Reality is a motherfucker. Let's just sit with that, come to terms with it. People can be selfish and petty and outright mean. They can also be kind and generous and giving. All in the perspective. Birdman is all about perspective.
Michael Keaton stars as an actor known for playing a costumed hero attempting to be seen as more than that. To that end, he's directing and starring in an adaptation of a Raymond Carver play on Broadway. No one seems to care or take him seriously, from his daughter to the asshole famous actor trying to take control of the production. When he also begins to insert alternate realities on the proceedings, shit gets wacky.
There's a scene where Keaton and his manager are going over actors to hire in the play. One of them mentions Jeremy Renner, that real good kid from the Hurt Locker. The manager says Renner's an Avenger and Keaton responds, "They put a cape on him, too?" That's the point of this movie in a nutshell, the existential horror of commodifying talent and creativity into genre and exploitation. That a scene comes later with actual explosions and effects along with commentary from Keaton staring right at the camera blasting the audience for all the dumb shit they chew and grind and choke down with barrels of laughter and… It's a rage against the machine, to quote the 1990s.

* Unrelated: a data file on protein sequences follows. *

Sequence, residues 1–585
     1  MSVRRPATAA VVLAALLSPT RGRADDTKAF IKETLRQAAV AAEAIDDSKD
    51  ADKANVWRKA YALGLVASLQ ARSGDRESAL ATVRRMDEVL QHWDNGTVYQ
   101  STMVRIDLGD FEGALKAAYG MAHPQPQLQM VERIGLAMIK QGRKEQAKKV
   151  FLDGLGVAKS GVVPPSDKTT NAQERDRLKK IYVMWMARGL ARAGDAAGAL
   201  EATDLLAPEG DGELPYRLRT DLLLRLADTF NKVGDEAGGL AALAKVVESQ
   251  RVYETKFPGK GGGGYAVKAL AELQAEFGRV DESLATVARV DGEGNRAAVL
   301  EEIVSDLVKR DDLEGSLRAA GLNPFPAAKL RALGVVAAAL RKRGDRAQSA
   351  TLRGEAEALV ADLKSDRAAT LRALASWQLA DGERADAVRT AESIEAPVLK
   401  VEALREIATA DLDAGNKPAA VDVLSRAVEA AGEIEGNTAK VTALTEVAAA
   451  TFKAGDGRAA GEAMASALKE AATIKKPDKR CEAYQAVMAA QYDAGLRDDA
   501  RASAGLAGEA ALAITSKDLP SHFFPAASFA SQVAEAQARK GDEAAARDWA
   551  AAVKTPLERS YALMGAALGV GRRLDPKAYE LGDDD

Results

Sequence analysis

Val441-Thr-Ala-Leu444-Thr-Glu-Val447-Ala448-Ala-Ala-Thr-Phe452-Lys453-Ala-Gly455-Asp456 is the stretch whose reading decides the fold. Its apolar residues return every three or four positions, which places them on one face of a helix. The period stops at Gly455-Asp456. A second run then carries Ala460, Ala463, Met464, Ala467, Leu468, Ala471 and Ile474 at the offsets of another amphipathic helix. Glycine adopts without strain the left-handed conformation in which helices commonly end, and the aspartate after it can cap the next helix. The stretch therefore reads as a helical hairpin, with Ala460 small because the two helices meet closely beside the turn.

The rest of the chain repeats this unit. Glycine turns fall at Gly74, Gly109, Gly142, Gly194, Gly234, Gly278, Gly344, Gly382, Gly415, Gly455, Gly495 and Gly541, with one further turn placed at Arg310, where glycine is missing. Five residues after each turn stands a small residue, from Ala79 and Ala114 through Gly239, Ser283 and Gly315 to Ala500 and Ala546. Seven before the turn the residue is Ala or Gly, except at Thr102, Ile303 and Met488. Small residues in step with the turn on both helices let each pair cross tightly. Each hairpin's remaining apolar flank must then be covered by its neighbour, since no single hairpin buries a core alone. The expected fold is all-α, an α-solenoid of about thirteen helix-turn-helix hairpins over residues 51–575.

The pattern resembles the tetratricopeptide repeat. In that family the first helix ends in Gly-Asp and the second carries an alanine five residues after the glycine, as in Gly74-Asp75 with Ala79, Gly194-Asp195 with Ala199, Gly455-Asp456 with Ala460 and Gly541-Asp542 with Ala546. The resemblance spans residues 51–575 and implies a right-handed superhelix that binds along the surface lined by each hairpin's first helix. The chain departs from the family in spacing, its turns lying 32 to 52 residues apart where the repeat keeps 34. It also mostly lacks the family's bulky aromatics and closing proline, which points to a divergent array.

This whole movie felt like a writer/director of 1970s character pieces making a well intentioned and angry rebuke of the Hollywood system. Had Keaton and the cast not made the experience rich with character and heart, it might have fallen flat.
Oh, and I guess I should comment on the "one-shot" style of directing. It was cool, made you get in there with Keaton. I got nothing more to say.